Id. at 43-44. On February 18, 2014, Attorney Leddy filed a second amended PCR application raised the following additional claim:

Applicant's prior counsel was deficient in failing to advise client to take the case to trial, rather than to plead guilty as charged, and to raise the defense that the weight of the methamphetamine as calculated in the Sheriff Department analysis was much higher than the actual weight. Furthermore, prior counsel was deficient for failing to advise client to take the case to trial and argue that, even if the weight as calculated by the Sheriff was a correct interpretation of the applicable South Carolina statute, such an interpretation would lead to absurd results inconsistent with due process and equal protection under the United States Constitution and the Constitution of the State of South Carolina - counsel should have argued to the Court that the weight of the waste water, which was used to calculate a huge weight of methamphetamine in this case, should have been converted to yield a marketable amount of methamphetamine in order to hold Applicant accountable for his proper level of culpability.
Furthermore, counsel was deficient in failing to advise client to take the case to trial and argue that the weight as calculated by the Sheriff's department would lead to a punishment in violation of the 8th Amendment of the United States Constitution. Furthermore, counsel was deficient in failing to advise client to take the case to trial and argue that the statutory definition of a mixture containing a controlled substance is unconstitutionally vague, and any such mixture must be converted into a marketable amount under the rule of lenity.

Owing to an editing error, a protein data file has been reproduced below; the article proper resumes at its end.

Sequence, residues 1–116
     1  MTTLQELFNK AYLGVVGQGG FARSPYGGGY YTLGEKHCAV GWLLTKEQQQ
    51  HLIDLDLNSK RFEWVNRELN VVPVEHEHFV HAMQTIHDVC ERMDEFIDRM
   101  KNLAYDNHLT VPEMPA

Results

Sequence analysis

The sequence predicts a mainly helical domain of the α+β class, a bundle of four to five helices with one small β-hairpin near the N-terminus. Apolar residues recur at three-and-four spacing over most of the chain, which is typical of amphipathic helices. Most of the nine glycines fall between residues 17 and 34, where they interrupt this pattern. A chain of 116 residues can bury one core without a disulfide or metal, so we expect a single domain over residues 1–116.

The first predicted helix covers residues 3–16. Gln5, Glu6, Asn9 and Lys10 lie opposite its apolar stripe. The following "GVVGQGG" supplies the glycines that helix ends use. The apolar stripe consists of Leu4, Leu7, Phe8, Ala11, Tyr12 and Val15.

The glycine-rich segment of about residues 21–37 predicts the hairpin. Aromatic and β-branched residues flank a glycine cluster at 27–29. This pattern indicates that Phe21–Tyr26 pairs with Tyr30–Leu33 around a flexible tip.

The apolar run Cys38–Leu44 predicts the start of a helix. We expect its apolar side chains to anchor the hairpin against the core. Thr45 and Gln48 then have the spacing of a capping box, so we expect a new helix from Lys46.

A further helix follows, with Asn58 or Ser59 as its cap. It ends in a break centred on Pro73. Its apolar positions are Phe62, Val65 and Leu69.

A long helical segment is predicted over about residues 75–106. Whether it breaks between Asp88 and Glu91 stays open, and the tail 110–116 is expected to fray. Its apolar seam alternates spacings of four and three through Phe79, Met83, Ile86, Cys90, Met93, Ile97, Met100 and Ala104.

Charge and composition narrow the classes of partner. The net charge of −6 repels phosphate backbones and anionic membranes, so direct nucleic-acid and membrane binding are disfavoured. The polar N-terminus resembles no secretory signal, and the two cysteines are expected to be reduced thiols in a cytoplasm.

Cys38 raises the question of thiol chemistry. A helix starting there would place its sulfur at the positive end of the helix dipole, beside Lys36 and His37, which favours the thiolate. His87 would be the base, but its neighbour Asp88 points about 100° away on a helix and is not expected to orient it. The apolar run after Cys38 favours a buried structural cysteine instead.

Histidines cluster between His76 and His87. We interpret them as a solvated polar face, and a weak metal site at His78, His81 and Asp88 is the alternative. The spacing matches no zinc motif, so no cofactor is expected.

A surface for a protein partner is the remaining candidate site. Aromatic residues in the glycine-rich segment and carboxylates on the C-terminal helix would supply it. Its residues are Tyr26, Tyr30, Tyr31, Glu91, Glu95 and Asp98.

Id. at 54-55.

         A PCR evidentiary hearing was held before the Honorable George C. James, Jr., on February 25, 2014, at which Petitioner and Attorney Leddy appeared. Id. at 127-234. Petitioner did not testify at the hearing. The court permitted post-hearing briefing on whether the trafficking statute's measurements of methamphetamine properly contemplates the entire weight of the waste water, as opposed to the smaller, marketable weight of the undiluted methamphetamine that could be extracted from the liquid. Id. at 59-77. On April 17, 2014, Judge James filed an order of dismissal. Id. at 13-29.

         The court denied Petitioner's motion to reconsider on May 12, 2014. Id. at 81-87 (motion), 32 (order). Petitioner filed a notice of appeal from the denial of PCR. Id. at 88-89. Mr. Leddy continued his representation of Petitioner on appeal, and filed a petition for writ of certiorari on January 15, 2015, in the South Carolina Supreme Court, raising the following questions:

I. Whether Applicant's plea counsel was ineffective for failing to advise Applicant to proceed to trial because the State was basing the indictment on a weight of methamphetamine that included the liquid mixture in which the methamphetamine was being manufactured because the "waste water" should have been excluded from the weight of methamphetamine attributed to the Applicant because
a. The term "methamphetamine" as defined by the Legislature is ambiguous and must therefore be construed according to the rule of lenity
b. To include the weight of the "waste water" would lead to absurd results inconsistent with due process and equal protection under the United States Constitution and the Constitution of the State of South Carolina
c. To include the weight of the "waste water" would lead to a punishment in violation of the 8th Amendment of the United States Constitution.

         ECF No. 15-4.

         On May 20, 2015, the South Carolina Supreme Court issued an order dismissing the appeal. [ECF No. 15-7]. The remittitur issued on June 5, 2015 [ECF No. 15-8] and was filed on June 8, 2015 [ECF No. 15-3].

         On December 3, 2015, Petitioner filed this federal petition for a writ of ...